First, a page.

All these factors together had just created a thick smokescreen between me and FoW, there was really no reason or interest within me to start with 15mm. But of course, as always, there is someone who pulls you into things by saying the right thing or planting an idea – not in a cool “Inception”  way though. While driving fellow wargamer “Widgren” to the last gameday down at the club we started chatting about FoW and it turns out he has an interest for Early War. Early War… God dammit!  Newly released the Early War from Battlefront is a campaign book focusing on the 1939/40 campaigns – including Fall Weiss (Invasion of Poland) and invasion of France.  Any other period during WW2, any other campaign of mid or late war – I can play that in 28mm. Early War however is quite rare, I mean I have early war Polish 28mm miniatures used for SoTR games but I don’t really play them as “early war Poles” – they are more like cool looking proxy Brits for 1949 gaming.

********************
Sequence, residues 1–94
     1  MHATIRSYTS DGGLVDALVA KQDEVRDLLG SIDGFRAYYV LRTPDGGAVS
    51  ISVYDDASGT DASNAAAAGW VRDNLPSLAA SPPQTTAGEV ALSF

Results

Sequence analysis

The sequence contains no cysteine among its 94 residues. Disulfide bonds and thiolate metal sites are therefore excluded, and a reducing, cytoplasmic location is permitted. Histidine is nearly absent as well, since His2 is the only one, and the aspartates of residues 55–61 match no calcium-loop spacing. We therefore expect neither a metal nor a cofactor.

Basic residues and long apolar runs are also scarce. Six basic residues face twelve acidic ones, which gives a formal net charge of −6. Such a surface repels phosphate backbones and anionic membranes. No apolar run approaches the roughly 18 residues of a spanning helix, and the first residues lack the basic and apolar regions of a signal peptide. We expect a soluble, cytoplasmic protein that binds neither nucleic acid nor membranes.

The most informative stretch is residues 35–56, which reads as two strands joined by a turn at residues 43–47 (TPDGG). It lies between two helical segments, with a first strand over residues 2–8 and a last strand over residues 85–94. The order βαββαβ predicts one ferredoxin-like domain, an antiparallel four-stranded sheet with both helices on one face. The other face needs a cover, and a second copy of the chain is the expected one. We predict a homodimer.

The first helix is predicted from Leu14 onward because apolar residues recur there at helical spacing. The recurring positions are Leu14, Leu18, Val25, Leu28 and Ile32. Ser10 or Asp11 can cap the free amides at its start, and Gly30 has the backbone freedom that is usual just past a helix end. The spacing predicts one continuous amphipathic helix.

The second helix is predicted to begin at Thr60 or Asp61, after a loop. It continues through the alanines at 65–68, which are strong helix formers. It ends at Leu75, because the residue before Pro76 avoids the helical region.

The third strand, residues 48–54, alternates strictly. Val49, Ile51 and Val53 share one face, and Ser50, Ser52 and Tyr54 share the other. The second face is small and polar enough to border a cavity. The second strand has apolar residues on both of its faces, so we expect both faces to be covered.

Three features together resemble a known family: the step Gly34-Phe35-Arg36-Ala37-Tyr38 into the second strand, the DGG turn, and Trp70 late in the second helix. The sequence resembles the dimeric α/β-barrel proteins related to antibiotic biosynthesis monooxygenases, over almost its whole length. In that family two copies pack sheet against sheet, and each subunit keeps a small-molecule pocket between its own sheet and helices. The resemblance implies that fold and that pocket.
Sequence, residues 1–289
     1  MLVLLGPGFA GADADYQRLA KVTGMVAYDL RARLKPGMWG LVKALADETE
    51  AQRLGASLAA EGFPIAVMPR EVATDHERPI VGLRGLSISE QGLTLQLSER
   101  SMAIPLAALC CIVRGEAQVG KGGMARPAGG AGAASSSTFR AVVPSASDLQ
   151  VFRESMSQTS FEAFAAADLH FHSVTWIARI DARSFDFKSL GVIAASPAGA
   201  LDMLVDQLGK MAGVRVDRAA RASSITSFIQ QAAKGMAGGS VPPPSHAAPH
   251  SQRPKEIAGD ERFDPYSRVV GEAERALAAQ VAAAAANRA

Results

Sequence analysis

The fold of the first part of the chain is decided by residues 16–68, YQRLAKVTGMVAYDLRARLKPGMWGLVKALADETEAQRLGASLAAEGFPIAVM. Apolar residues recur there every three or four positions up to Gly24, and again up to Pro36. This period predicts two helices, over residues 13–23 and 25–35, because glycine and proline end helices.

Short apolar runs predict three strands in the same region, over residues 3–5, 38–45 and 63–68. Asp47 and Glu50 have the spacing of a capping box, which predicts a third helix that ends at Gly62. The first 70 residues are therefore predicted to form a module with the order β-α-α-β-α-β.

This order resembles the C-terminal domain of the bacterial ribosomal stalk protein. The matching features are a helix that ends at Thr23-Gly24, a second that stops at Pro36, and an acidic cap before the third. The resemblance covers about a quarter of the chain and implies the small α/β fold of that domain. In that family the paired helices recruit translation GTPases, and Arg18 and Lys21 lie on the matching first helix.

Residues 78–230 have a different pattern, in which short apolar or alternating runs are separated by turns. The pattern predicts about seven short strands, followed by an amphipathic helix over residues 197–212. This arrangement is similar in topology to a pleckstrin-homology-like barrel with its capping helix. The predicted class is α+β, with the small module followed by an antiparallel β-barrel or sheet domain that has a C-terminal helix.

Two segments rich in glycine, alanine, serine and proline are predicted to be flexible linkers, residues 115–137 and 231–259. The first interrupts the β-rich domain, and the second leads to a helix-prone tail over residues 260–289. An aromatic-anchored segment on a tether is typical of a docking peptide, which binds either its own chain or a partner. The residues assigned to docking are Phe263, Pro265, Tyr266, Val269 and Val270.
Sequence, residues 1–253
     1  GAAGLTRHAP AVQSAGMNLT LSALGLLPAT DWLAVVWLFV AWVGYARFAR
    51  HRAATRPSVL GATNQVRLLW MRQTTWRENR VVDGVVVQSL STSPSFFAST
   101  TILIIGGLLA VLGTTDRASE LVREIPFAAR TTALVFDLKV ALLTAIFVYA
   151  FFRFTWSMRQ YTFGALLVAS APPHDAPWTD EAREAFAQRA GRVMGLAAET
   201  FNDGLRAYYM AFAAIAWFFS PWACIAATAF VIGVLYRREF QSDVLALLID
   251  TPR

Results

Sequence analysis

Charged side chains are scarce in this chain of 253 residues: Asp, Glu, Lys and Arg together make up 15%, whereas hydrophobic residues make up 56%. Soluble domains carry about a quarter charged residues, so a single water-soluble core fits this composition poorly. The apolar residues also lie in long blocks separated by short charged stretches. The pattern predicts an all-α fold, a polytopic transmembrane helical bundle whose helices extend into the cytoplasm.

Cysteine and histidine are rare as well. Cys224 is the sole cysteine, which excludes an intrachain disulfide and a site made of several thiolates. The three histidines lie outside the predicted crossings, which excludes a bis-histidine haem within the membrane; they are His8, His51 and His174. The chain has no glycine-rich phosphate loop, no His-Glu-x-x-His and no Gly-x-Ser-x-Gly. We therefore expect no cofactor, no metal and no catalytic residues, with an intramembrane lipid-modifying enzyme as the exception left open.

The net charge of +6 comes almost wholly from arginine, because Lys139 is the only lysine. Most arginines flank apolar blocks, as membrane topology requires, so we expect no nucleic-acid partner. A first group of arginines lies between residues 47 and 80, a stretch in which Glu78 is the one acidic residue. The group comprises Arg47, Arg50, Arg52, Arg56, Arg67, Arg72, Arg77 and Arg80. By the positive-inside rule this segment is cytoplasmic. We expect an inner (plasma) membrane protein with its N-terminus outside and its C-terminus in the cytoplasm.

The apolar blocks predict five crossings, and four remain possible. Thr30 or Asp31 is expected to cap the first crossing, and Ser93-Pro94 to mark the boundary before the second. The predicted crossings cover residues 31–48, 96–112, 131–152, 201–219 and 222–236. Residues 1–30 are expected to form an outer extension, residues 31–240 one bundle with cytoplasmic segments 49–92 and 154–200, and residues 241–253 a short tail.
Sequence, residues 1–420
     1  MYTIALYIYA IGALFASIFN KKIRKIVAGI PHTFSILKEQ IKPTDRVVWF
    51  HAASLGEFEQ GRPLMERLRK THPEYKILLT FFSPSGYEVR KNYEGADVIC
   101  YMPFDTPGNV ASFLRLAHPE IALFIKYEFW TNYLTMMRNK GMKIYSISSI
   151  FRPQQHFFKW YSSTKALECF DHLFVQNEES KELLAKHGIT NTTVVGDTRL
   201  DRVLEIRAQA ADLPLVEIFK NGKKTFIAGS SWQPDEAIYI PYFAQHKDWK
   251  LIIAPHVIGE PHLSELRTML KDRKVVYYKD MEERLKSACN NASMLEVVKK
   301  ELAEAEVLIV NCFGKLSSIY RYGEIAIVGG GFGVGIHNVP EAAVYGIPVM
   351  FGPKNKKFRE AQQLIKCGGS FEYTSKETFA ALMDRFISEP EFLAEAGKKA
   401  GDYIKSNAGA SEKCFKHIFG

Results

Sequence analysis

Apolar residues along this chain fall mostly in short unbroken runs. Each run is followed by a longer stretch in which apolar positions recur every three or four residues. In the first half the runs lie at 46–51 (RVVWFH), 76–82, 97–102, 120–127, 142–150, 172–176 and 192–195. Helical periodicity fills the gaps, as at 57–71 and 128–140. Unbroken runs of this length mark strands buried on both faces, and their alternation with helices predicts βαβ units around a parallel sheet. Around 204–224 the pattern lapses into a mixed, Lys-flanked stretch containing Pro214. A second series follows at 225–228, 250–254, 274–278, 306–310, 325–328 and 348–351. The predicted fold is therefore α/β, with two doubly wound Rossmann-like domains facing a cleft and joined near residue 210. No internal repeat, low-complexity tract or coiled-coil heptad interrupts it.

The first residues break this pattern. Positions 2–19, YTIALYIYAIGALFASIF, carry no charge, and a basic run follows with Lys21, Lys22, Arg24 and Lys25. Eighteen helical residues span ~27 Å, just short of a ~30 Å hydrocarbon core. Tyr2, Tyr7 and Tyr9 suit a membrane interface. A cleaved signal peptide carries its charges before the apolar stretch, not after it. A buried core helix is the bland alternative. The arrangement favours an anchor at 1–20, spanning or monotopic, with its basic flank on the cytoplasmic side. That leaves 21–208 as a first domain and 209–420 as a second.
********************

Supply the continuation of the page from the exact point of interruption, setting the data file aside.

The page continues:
So with Widgren having the same interest for Early war, with all the flimsy early technology, odd armored vehicles and weakass tanks and my great interest for this forgotten piece of WW2 history I started thinking about FoW again.

Back to my testing of FoW from last night. The demo was held by a group of kind gentlemen who pretty much answered all my questions regarding the rules and allowed me to try out a game with a US force against a German force to get a hang of how the game plays. It was a mix of infantry, armor and artillery – which I think should have given me a good coverage of the rules.
The game is on a more abstract level then  Secrets of the Third Reich, it’s also a step back to “you go – I go” games like WHFB and WH40k, instead of using alternate activations of basically every game I play today (except Legends of the Old West which is a bastard version that is in between).
Among the things I liked, and I’m sure this will be enhanced even further in Early War, was the artillery. The “Ranging in” feature where you get a few tries to zero in on your target, lowering the ability to inflict damage if you fail on the first attempt, it gave a somewhat realistic sense of scattering artillery barrages. Hit enemies also became “Pinned”, which I think became a mayor part of the gameplay in the demo.